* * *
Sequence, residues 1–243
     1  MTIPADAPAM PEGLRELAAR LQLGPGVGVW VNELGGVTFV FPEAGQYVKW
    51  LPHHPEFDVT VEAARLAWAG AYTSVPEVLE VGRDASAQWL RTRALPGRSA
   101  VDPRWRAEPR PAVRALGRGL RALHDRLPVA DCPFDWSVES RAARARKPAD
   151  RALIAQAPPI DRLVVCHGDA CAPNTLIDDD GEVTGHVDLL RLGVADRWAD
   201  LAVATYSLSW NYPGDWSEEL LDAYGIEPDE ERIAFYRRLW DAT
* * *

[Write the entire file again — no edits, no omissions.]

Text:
Sequence, residues 1–243
     1  MTIPADAPAM PEGLRELAAR LQLGPGVGVW VNELGGVTFV FPEAGQYVKW
    51  LPHHPEFDVT VEAARLAWAG AYTSVPEVLE VGRDASAQWL RTRALPGRSA
   101  VDPRWRAEPR PAVRALGRGL RALHDRLPVA DCPFDWSVES RAARARKPAD
   151  RALIAQAPPI DRLVVCHGDA CAPNTLIDDD GEVTGHVDLL RLGVADRWAD
   201  LAVATYSLSW NYPGDWSEEL LDAYGIEPDE ERIAFYRRLW DAT